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What happened to Hunter Moore’s ‘Is Anyone Up’ site? Revenge porn czar BANNED from all social media platforms

Hunter Moore was arguably the man who gave birth to the practice of revenge porn through his website, IsAnyoneUp.com
PUBLISHED FEB 4, 2023
Hunter Moore's crimes were the focus of the Netflix documentary 'The Most Hated Man on the Internet' (Netflix/YouTube Screenshot)
Hunter Moore's crimes were the focus of the Netflix documentary 'The Most Hated Man on the Internet' (Netflix/YouTube Screenshot)

LOS ANGELES, CALIFORNIA: Last year, Netflix released a documentary, titled 'The Most Hated Man on the Internet', narrating the story of how Hunter Moore, who described himself as a "professional life ruiner", and his website, "Is Anyone Up?", was brought down. The "revenge porn" website created in 2010 ran successfully for two years, helping Moore earn thousands of dollars every month and victimizing over 40 people before it was finally brought down.

The 2022 Netflix documentary borrows its title from a Rolling Stone article that described Moore as the most hated man on the internet. It follows the story of how the mother of one of Moore's website's victims took it upon herself to fight and bring down the internet's most hated man, who had managed to ruin several lives using loopholes in the legal framework, claiming that his website was protected by the same laws as Facebook was. 

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What happened to Hunter Moore’s website, 'Is Anyone Up'?

Hunter Moore was arguably the man who gave birth to the practice of revenge porn, through his website, IsAnyoneUp.com. Even though the practice of leaking nude and sexually explicit images of people by their exes as revenge had existed in the past, it scaled up in popularity after 2010. "Revenge porn" was the business model Moore's website followed — anyone could upload explicit content of someone else without their consent and to make matters worse for the victims, more often than not, their details were shared along with their nude videos or pictures, linking their other social media handles to it.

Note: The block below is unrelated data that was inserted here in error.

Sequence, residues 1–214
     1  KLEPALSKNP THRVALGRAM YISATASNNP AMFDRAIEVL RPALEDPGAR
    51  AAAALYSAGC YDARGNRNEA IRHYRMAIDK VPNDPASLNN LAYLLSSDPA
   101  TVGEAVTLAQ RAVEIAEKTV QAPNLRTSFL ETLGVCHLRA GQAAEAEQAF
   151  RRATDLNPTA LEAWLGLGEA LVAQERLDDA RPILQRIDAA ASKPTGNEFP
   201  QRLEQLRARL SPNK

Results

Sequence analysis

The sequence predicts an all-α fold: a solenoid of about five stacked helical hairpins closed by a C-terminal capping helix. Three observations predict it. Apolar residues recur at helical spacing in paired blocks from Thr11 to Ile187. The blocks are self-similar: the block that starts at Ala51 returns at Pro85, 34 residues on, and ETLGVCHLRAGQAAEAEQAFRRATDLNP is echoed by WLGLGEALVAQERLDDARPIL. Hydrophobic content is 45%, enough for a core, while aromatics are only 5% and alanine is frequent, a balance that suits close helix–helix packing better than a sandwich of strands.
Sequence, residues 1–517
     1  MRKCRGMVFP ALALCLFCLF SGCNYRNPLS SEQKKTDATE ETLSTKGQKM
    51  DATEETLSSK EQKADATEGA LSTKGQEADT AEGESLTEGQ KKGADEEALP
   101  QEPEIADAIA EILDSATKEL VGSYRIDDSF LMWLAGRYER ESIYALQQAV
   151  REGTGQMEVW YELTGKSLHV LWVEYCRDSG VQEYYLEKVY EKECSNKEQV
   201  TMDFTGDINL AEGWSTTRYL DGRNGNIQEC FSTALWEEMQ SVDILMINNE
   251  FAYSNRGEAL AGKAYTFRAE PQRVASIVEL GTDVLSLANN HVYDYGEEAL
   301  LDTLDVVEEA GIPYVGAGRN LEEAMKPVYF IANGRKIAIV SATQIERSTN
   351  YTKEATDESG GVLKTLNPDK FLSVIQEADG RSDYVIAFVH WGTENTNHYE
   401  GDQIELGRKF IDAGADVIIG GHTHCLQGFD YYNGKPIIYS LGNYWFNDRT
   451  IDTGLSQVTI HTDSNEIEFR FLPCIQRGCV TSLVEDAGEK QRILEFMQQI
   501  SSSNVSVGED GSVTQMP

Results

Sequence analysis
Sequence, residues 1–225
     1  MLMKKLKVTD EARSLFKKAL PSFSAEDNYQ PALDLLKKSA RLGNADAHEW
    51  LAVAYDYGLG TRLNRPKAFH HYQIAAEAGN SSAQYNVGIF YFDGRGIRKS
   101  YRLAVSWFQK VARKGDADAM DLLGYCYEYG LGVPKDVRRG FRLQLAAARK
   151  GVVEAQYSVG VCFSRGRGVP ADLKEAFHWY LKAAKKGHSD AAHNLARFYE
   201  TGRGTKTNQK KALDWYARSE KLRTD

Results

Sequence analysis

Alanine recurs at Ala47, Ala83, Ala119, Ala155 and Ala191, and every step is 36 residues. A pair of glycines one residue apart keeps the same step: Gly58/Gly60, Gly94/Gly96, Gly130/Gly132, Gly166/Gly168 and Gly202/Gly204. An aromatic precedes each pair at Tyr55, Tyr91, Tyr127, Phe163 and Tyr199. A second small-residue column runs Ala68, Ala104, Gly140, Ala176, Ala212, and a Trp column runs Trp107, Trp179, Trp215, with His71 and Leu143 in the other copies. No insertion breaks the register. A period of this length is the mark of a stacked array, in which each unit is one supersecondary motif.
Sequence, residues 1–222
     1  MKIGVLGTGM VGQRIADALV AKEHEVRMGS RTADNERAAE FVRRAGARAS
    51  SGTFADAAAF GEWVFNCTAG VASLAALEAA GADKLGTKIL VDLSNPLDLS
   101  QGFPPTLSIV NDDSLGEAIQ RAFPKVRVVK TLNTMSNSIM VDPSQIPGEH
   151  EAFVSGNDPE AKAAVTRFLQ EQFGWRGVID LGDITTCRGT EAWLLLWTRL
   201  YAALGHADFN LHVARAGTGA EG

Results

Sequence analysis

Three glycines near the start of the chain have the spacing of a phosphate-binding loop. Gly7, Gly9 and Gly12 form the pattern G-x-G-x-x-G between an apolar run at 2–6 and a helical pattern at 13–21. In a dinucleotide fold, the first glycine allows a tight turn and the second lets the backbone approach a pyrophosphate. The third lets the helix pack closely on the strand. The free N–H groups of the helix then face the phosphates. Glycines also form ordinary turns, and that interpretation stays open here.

The ridicule and humiliation that the victims faced due to the website's content only boosted Moore's morale, it was as if he was enjoying a sadistic pursuit while earning thousands of dollars off of it. As per The Rolling Stone article that gave him the name "the most hated man on the internet", Moore responded to cease-and-desist letters with a simple "LOL." He had been permanently banned from Facebook, received death threats, got stabbed by a ballpoint pen, was blocked by PayPal, and even targeted by hacker group Anonymous; however, claiming that his site was protected by the Communications Decency Act of 1996, just like Facebook, Moore continued his site. The 1996 act did not allow websites to be held accountable for user­-submitted content.

However, his notoriety came to an end in less than two years, after his desire to expand his site's content reach led him to hack, and the FBI took matters into their own hands. The mother of one of Moore's victims, Charlotte Laws, conducted a two-year-long investigation compiling evidence from over 40 victims and gave it to the FBI. In 2012, he, along with a hacker named Charles Evens, came under the federal agency's radar, and the same year, Moore sold his website to Bullyville.com, an anti-bullying group run by former Marine James McGibney. All pornographic material has been removed from the website and users visiting it are redirected to Bullyville.com.

Where is Hunter Moore now?    

After being arrested by the FBI, Moore was indicted in a federal court in California on January 23, 2014, on charges of conspiracy, unauthorized access to a protected computer, and aggravated identity theft, as reported by Esquire. He was forced to dismantle the archives he owned for his website's database. On February 18, 2015, Moore entered a guilty plea with the Central District of California U.S. Attorney's Office, admitting to aggravated identity theft and aiding and abetting in the unauthorized access of a computer. 

On December 2, 2015, Moore was sentenced to two and a half years in federal prison, followed by three years of supervised release. He was released on May 2017 and lives a quiet life outside the public eye. Moore has also been permanently banned from every social media platform. 

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